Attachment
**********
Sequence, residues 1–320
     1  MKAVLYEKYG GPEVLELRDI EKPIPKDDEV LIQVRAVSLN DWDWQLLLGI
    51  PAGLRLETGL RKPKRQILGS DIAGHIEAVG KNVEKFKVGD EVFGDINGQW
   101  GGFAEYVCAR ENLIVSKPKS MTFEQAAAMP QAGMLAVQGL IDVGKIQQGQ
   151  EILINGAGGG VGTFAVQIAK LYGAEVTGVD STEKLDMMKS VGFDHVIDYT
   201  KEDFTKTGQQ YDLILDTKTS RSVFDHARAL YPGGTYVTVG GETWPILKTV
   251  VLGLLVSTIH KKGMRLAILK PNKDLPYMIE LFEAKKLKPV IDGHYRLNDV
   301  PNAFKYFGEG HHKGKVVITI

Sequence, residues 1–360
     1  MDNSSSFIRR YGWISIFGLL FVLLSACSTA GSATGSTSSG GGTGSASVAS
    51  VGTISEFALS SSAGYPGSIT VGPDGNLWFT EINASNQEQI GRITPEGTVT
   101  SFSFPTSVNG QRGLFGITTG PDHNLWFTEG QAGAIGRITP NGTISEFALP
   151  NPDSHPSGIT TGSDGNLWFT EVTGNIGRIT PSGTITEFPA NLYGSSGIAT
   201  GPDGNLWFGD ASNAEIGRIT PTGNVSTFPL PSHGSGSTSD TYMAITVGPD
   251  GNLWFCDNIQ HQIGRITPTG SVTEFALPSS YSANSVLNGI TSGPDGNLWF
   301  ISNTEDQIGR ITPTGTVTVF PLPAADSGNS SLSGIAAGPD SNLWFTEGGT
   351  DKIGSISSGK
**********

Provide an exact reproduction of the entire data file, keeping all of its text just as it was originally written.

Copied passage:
Sequence, residues 1–320
     1  MKAVLYEKYG GPEVLELRDI EKPIPKDDEV LIQVRAVSLN DWDWQLLLGI
    51  PAGLRLETGL RKPKRQILGS DIAGHIEAVG KNVEKFKVGD EVFGDINGQW
   101  GGFAEYVCAR ENLIVSKPKS MTFEQAAAMP QAGMLAVQGL IDVGKIQQGQ
   151  EILINGAGGG VGTFAVQIAK LYGAEVTGVD STEKLDMMKS VGFDHVIDYT
   201  KEDFTKTGQQ YDLILDTKTS RSVFDHARAL YPGGTYVTVG GETWPILKTV
   251  VLGLLVSTIH KKGMRLAILK PNKDLPYMIE LFEAKKLKPV IDGHYRLNDV
   301  PNAFKYFGEG HHKGKVVITI

Sequence, residues 1–360
     1  MDNSSSFIRR YGWISIFGLL FVLLSACSTA GSATGSTSSG GGTGSASVAS
    51  VGTISEFALS SSAGYPGSIT VGPDGNLWFT EINASNQEQI GRITPEGTVT
   101  SFSFPTSVNG QRGLFGITTG PDHNLWFTEG QAGAIGRITP NGTISEFALP
   151  NPDSHPSGIT TGSDGNLWFT EVTGNIGRIT PSGTITEFPA NLYGSSGIAT
   201  GPDGNLWFGD ASNAEIGRIT PTGNVSTFPL PSHGSGSTSD TYMAITVGPD
   251  GNLWFCDNIQ HQIGRITPTG SVTEFALPSS YSANSVLNGI TSGPDGNLWF
   301  ISNTEDQIGR ITPTGTVTVF PLPAADSGNS SLSGIAAGPD SNLWFTEGGT
   351  DKIGSISSGK